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Primary Hyperparathyroidism & Effects of Hyperparathyroidism

by Carlo Raj, MD
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    00:02 Let’s take a look at primary hyperparathyroidism in greater detail.

    00:05 We said that extremely, if it’s hypocalcaemia 90 percent of your patients if you’re thinking about adenoma, which is exactly what we’re seeing here in the picture, an adenoma within your parathyroid gland.

    00:17 Solitary, sporadic 85 percent of the time.

    00:21 It’s seen on a scan known as your Sestamibi Scan and the darkened area that you see there will be a solitary adenoma in which it’s extremely darkened and enlarged.

    00:34 Focus upon your Sestamibi Scan.

    00:36 10 to 15 percent hyperplasia of all four glands and majority of your primary hyperparathyroidism would be a solitary adenoma as seen here in the scan; 10 to 15 percent might be hyperplasia of all four glands.

    00:52 Perhaps carcinoma, paraneoplastically, squamous and renal-renal cell carcinoma, how will this then produce your hypoparathyroidism? PTHrp, so ectopic production of PTHrp resulting in hypercalcemia where your PTH is actually depressed.

    01:17 Risk factors, irradiation to head and neck; usually asymptomatic, diagnosed routine labs.

    01:27 Typical symptoms, if you’re thinking about hypercalcemia, would not be tetany; fatigue, nausea, constipation… looking at GI symptoms and you’re looking at neurologic issues as well.

    01:38 Dizziness, fatigue, worst case scenario might even be stupor and coma.

    01:45 If it’s hyperparathyroidism, you take a look at the bone and its being broken down… bone resorption.

    01:51 PTH does not promote bone mineralization, it promotes resorption of calcium from the bone.

    02:01 Thus, in the X-ray that we’re seeing is our areas of the bone where it’s extremely lucent, not opaque.

    02:10 Remember, if it’s osteopetrosis, if it’s Paget’s disease of the bone, especially the third pattern, triphasic, you would have increased bone.

    02:22 You’ve heard of marble bone disease, that’s-that’s opaque, extremely white, so lucent.

    02:29 What may then happen with extreme destruction of the bone and such, obviously fractures and worst case scenario might be called osteitis fibrosa cystica… osteitis fibrosa cystica.

    02:42 Check forearm and you do a bone density test.

    02:48 Effects of hyperparathyroidism, you’ll notice in the middle figure here in the-in the thyroid and then within the thyroid, we have our parathyroids and you find a solitary nodule or adenoma and with this, you are producing excess PTH or primary hyperparathyroidism.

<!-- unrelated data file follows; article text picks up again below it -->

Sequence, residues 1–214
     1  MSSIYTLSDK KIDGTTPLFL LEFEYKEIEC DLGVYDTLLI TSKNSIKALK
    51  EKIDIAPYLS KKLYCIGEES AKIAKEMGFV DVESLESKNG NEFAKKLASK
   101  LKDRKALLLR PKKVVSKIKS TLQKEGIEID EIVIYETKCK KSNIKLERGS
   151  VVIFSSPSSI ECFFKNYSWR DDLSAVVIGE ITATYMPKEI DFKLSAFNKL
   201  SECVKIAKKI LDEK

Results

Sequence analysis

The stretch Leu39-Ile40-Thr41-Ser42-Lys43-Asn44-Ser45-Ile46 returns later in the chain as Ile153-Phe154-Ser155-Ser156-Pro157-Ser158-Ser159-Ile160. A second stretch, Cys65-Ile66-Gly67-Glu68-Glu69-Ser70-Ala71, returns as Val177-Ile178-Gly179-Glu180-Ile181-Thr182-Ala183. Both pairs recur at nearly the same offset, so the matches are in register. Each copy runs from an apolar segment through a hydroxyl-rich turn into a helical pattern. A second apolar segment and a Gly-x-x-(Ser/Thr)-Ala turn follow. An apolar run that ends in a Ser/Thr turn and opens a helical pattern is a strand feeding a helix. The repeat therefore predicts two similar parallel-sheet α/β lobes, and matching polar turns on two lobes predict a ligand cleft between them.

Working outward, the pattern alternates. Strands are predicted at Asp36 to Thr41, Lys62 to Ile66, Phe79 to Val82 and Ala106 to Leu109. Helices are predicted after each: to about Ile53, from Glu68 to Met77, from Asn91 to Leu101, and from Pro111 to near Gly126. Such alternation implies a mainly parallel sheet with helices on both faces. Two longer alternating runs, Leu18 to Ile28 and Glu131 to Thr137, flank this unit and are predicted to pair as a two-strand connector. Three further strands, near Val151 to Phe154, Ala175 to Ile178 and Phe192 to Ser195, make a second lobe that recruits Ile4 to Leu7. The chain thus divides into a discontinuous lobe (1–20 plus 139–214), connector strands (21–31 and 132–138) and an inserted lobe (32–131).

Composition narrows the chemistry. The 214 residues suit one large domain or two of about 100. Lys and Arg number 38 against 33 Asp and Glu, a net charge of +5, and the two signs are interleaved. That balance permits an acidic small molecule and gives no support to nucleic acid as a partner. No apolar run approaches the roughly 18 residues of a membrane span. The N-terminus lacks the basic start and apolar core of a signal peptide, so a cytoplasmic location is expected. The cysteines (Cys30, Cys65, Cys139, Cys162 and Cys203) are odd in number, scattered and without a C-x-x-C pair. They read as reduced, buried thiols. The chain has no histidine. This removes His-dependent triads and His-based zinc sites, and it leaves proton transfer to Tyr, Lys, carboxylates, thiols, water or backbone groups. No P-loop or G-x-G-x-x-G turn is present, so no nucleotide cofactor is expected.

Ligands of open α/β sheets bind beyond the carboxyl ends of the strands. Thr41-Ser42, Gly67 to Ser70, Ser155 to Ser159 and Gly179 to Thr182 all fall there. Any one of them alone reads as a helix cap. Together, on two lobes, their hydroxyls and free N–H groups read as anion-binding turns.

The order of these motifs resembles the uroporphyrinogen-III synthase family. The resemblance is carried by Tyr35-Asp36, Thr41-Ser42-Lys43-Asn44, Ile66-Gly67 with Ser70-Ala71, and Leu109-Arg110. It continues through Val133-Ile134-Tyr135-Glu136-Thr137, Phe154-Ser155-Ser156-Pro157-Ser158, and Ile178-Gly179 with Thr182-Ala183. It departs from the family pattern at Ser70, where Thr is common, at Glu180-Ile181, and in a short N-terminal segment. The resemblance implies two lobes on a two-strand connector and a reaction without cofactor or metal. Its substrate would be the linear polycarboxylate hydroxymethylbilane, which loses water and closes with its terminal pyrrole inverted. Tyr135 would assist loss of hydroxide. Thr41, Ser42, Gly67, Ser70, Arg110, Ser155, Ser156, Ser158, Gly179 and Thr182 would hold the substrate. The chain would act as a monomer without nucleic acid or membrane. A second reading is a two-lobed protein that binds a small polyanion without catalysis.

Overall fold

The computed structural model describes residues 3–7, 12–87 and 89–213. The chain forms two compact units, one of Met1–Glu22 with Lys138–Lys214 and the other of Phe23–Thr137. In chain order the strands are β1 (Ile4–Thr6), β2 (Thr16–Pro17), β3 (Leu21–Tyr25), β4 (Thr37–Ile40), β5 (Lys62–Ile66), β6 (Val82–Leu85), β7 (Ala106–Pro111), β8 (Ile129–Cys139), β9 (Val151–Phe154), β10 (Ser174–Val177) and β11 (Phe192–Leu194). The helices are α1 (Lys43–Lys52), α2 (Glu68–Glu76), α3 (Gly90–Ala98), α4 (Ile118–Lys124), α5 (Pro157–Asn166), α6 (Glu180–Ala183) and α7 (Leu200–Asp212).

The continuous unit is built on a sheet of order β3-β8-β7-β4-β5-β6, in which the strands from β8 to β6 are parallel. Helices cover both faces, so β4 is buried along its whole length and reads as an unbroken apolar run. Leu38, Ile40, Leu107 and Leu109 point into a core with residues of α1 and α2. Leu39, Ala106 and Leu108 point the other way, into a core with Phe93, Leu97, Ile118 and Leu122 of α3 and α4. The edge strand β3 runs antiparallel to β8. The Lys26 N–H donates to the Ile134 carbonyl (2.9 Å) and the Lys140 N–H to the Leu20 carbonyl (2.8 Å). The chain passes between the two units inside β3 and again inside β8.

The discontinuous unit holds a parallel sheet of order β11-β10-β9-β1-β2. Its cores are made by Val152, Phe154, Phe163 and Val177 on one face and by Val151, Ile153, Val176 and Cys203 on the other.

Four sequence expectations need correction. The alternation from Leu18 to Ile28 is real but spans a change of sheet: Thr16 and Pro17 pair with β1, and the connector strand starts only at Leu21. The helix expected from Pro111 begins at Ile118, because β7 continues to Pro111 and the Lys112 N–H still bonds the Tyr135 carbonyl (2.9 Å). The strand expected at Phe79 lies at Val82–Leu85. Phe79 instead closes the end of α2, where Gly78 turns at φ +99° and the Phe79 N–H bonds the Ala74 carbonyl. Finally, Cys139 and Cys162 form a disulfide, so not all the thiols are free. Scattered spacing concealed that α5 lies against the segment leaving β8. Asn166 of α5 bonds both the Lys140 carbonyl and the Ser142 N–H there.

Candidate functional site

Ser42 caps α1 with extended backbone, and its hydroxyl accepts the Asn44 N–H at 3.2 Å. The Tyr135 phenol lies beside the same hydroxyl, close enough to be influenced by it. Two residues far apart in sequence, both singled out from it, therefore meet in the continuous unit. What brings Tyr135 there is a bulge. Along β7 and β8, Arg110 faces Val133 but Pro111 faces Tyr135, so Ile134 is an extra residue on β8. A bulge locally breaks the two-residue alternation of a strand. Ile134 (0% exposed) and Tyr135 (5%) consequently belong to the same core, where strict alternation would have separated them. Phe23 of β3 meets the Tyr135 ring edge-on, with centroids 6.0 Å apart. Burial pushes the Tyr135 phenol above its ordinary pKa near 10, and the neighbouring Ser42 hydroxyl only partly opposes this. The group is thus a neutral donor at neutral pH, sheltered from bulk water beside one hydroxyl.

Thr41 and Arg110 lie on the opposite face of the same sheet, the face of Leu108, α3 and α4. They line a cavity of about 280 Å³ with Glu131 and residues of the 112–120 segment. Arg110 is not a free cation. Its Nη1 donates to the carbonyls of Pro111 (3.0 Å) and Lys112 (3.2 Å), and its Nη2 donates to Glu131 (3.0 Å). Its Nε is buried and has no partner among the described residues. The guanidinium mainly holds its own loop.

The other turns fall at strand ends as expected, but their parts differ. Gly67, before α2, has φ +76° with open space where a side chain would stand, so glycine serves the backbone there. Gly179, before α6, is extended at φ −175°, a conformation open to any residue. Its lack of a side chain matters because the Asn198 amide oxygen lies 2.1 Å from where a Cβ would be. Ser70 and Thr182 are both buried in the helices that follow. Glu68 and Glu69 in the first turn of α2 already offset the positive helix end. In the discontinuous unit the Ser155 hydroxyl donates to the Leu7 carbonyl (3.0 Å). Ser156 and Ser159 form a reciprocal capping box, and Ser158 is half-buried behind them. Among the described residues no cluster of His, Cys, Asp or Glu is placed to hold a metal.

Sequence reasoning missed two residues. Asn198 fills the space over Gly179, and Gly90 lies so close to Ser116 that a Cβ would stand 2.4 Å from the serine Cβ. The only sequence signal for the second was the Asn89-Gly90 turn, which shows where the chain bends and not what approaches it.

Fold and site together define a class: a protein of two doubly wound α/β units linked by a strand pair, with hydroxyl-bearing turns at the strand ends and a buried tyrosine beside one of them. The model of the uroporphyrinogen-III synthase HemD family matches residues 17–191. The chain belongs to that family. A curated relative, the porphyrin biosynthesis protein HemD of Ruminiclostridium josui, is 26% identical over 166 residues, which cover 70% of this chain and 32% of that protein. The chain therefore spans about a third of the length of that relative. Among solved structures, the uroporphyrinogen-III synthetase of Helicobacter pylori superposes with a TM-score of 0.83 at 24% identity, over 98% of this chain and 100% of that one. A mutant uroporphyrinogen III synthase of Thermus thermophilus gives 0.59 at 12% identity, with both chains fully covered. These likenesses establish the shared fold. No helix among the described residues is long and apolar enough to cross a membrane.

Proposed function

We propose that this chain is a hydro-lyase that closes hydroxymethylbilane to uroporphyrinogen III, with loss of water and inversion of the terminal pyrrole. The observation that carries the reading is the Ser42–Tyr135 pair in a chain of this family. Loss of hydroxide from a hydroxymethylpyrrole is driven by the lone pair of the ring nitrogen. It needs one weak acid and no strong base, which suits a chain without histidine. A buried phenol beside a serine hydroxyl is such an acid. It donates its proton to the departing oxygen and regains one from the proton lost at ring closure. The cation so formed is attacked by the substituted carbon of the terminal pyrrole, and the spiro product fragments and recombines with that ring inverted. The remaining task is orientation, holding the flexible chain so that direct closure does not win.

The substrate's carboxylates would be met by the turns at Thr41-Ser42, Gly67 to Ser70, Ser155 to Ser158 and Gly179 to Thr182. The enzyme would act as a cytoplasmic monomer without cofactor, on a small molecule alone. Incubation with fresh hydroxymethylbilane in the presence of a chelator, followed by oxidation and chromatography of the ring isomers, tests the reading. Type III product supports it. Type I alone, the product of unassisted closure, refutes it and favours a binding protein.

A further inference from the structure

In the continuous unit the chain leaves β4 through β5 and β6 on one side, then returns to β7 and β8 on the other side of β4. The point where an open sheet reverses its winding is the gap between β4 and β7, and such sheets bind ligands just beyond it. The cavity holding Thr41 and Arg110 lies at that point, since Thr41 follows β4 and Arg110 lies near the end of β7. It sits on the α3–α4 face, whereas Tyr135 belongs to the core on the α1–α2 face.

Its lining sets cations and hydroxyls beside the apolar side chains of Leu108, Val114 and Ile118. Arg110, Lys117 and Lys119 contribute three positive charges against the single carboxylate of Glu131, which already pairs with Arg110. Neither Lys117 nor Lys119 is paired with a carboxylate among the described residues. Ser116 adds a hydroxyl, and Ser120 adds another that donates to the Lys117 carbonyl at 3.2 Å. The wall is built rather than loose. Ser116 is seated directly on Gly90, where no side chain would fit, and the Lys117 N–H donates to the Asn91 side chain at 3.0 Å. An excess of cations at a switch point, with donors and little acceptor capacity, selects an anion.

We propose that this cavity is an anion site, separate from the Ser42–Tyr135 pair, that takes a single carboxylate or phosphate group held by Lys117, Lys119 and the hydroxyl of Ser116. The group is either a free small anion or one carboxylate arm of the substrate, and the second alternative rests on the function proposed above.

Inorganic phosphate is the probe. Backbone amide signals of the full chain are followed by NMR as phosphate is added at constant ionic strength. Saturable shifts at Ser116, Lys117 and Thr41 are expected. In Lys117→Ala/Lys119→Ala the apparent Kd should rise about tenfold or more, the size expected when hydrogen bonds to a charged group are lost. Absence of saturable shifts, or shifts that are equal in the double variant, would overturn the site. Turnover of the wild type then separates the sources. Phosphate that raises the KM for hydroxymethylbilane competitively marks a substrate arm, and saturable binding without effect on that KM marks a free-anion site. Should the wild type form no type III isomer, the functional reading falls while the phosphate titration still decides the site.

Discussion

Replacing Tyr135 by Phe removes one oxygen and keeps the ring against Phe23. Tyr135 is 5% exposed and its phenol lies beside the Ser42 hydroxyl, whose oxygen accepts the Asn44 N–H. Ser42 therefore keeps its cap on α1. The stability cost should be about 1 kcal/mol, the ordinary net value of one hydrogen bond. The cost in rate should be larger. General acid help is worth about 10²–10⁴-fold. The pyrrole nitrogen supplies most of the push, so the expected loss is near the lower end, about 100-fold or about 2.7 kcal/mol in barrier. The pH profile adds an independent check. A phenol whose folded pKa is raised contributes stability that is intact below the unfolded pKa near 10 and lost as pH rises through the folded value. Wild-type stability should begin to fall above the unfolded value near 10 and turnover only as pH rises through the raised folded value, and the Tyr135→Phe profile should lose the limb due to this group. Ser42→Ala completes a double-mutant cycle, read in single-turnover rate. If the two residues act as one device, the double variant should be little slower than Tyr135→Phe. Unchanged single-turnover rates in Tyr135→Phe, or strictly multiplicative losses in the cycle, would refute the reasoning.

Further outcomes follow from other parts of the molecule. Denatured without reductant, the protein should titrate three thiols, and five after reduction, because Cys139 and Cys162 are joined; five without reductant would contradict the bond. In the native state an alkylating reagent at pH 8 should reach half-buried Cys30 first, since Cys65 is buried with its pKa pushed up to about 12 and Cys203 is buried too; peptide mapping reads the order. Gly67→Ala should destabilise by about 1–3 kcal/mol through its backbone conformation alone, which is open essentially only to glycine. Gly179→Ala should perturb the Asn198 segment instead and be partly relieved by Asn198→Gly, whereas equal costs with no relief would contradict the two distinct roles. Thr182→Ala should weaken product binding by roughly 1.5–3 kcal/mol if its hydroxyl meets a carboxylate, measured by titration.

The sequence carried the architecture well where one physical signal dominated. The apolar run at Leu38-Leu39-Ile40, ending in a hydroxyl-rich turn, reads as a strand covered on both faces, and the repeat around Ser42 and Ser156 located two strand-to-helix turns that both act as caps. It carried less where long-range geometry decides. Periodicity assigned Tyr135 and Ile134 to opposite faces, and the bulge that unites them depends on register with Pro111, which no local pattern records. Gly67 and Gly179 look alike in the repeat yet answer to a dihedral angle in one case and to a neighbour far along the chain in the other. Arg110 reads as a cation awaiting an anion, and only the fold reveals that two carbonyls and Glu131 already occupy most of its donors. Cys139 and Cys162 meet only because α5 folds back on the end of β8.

03:07 What we’ll take a look at in greater detail will be the overview of each one of these organ systems that are affected.

    03:16 Let’s now go into the bone and with the assistance of PTH, you might be then breaking down your bone excessively.

    03:25 When you do so, you... this cartoon is showing you is osteitis fibrosa cystica, but that area that’s being pointed to is actually called “a brown tumour”, but that’s a misnomer, it’s not a tumour within the bone, it’s not a tumour, but it is is a cavity that’s being filled with haemosiderin.

    03:42 Therefore, on imaging study, it might actually look like a tumour, but it’s not, it’s called osteitis fibrosa cystica, breaking down of your bone.

    03:51 Fractures may occur because, once again, there’s weakening of your bone.

    03:54 Effects of too much or excessive PTH on your bone.

    04:01 On the kidney, you might then start reabsorbing more of your calcium.

    04:08 What may then happen, interesting enough, is the fact that you might actually develop calcium stones, effect of hyperparathyroidism.

    04:16 So, it all depends and with all these calcium, remember even if you’re reabsorbing your calcium from your kidney, at some point, it needs to get filtered, doesn’t it? Because you just said you have hypercalcemia.

    04:27 So, be careful.

    04:28 So, therefore, it’s very possible that the patient may actually be suffering from calcium stones, polyuria, because of more or less your osmotic diuresis.

    04:41 On the brain type of effects that you will find with hypercalcemia, depression, neurologic issues such as seizures.

    04:48 And then in your intestine, you may then find gall stones; peptic ulcers especially in the duodenum and acute pancreatitis.

    04:57 Keep all these together, please, when dealing with effects of hypoparathyroidism.

    05:01 As a result of hypercalcemia, you have different organ systems that are being affected.


    About the Lecture

    The lecture Primary Hyperparathyroidism & Effects of Hyperparathyroidism by Carlo Raj, MD is from the course Parathyroid Gland Disorders.


    Included Quiz Questions

    1. Solitary adenoma
    2. Carcinoma
    3. Hyperplasia of all 4 glands
    4. Renal cell carcinoma
    5. Squamous cell carcinoma of the lung
    1. Tetany
    2. Constipation
    3. Fatigue
    4. Asymptomatic
    5. Nausea
    1. Osteitis fibrosis cystica
    2. Osteopetrosis
    3. Paget's Disease of the bone
    4. Osteomalacia
    5. Pathologically increased bone mineralization
    1. Uric acid kidney stones
    2. Gallstones
    3. Acute pancreatitis
    4. Seizures
    5. Polyuria

    Author of lecture Primary Hyperparathyroidism & Effects of Hyperparathyroidism

     Carlo Raj, MD

    Carlo Raj, MD


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